A Mediterranean garden is ideal for the low-maintenance landscape gardener and it is so easy to create. If you would like to create a garden that is inspired by the Mediterranean countryside simply pack it with tough, self-sufficient plants that are colorful, attractive to bees and butterflies and wonderfully scented.
You may want to start off with a small patch or bed and stock it with
many aromatic edible plants that are useful for the kitchen. The
benefits of this style of labour saving garden are such that you may
consider converting a larger area.
Mediterranean plants are resilient and drought-resistant.
Their constant adaptations for survival in hot arid areas, aromatic vapour, shimmering foliage, tough or spiny leaves and silvery hairs, also make them unappealing to pests, whilst their tough constitution help them to resist disease.
All of the above make Mediterranean plants ideal candidates for a low maintenance garden, as long as the ground is prepared so that they will thrive in temperate climates.
You will need to add plenty of grit or gravel to the soil to give it sharp drainage so that the plants do not have to struggle in wet, compacted ground, where they would inevitably rot as their roots need dry conditions.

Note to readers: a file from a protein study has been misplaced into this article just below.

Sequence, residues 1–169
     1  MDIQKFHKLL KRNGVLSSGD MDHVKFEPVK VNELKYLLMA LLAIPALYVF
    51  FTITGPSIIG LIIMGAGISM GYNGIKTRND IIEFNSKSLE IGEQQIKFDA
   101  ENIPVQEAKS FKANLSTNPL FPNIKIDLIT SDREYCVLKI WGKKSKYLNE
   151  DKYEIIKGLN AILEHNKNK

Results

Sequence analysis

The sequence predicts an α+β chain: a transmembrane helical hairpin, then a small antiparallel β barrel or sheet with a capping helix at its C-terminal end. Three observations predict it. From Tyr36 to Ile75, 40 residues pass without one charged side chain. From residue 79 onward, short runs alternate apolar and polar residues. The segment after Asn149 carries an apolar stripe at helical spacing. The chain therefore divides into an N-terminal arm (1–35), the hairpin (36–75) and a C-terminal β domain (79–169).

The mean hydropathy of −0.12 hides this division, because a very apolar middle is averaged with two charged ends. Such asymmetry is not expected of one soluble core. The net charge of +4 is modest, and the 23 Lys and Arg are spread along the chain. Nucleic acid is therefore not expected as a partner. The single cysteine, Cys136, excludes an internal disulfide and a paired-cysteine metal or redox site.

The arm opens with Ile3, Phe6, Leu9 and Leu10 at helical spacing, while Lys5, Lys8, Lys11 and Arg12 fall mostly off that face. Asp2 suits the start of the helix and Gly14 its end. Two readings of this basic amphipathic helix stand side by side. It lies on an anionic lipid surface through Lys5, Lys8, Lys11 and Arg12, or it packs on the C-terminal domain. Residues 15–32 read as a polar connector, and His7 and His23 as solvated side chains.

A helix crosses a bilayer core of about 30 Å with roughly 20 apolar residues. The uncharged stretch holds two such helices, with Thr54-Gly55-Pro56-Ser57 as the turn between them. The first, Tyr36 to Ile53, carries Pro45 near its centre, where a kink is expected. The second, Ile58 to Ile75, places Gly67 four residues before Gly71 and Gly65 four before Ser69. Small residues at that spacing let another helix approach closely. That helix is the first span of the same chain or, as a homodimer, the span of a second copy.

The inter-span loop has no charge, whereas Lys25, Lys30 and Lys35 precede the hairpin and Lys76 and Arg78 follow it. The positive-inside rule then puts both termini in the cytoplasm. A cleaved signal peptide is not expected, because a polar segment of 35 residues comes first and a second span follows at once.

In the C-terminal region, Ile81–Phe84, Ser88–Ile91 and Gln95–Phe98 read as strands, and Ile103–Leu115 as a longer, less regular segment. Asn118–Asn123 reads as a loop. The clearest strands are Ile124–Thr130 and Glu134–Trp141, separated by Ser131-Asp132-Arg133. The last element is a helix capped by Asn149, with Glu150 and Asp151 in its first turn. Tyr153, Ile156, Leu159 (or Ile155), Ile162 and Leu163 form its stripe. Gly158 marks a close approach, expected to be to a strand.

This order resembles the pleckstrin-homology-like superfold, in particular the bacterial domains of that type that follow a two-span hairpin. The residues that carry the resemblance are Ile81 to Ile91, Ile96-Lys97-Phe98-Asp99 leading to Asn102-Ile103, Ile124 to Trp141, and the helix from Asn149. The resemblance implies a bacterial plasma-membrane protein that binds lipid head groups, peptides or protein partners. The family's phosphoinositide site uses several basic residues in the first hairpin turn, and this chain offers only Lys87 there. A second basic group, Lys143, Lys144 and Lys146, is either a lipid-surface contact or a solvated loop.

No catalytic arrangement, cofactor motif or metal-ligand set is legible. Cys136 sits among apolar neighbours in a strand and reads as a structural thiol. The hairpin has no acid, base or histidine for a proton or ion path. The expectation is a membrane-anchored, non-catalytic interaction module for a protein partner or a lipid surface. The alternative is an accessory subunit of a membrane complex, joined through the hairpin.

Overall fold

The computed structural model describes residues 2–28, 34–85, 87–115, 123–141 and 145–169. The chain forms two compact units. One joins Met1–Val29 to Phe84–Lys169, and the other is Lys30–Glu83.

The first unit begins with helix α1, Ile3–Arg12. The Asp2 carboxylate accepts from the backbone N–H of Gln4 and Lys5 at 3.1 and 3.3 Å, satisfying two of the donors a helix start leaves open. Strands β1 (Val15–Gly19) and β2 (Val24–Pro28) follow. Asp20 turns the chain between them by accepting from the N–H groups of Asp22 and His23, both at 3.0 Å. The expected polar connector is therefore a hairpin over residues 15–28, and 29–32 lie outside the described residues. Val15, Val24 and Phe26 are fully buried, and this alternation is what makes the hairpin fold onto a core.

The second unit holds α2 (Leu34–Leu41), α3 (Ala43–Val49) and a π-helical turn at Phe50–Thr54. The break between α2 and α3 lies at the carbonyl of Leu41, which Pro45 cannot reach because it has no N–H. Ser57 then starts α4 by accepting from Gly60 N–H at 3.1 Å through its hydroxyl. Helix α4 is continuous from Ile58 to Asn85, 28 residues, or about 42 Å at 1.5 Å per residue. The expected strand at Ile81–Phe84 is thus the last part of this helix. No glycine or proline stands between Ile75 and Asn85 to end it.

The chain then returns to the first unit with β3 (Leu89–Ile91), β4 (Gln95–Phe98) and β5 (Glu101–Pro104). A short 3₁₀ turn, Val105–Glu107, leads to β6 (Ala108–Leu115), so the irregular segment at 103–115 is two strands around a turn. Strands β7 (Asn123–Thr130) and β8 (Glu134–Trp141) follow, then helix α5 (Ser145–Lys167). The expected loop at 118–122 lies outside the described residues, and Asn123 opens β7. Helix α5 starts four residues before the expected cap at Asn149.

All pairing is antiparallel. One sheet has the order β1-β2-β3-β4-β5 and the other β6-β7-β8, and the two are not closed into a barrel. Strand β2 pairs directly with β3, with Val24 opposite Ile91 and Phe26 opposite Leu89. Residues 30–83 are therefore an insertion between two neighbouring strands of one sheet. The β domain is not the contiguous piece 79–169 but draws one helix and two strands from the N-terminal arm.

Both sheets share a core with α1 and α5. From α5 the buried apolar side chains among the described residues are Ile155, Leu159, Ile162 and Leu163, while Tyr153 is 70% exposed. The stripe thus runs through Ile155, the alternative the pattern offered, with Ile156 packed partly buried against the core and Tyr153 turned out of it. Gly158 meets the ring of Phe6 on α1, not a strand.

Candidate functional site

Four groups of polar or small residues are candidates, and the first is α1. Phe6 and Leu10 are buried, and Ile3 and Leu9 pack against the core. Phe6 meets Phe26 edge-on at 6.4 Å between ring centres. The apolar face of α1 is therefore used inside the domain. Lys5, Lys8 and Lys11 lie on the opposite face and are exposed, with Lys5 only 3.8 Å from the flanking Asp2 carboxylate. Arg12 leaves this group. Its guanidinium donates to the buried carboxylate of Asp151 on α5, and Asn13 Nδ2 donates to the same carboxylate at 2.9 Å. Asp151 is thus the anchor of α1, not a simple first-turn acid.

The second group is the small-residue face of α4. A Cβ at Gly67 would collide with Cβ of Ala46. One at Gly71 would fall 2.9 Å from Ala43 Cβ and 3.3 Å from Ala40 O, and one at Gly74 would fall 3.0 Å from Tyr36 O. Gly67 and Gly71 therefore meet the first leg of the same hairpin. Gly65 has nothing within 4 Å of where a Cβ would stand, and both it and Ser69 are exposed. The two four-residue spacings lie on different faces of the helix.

A top layer of gravel or stones will work as moisture-retaining mulch that also keeps foliage crowns dry and absorbs heat for the benefit of the plants.
Designing The Garden
This kind of garden requires no planning to ensure that the colors and textures compliment one another. The plants naturally team well, forming a magical tapestry of wonderful partnerships.
The predominant shrubs and sub shrubs are evergreen, with grey and silver tones, sustaining the garden through the quieter winter months. In spring, flowering bulbs pop up in bright reds and yellows. Summer explodes with foliage and flower.
Select only those types of plant that will survive with minimal attention and enjoy the sharp draining conditions of your garden.
There is no need to add fertilizer or manure when planting. Most Mediterranean plants are adapted to grow in poor soil, and if it is too rich they will produce weak, sappy growth. In poor soil they will generally grow tougher and flower more freely.
Simply cover the surface of the soil with gravel and water the plants well until they establish themselves. After their first season, you will not need to water them. In severe summer drought, you can revive any stressed plants by dousing them with water; if watering is impractical, cut back the plants severely and they should revive.
Following the age old Mediterranean tradition of growing special plants in pots you can grow a few brightly colored geraniums against a whitewashed wall, or perhaps a fig tree if you have a very sunny, sheltered corner in the garden.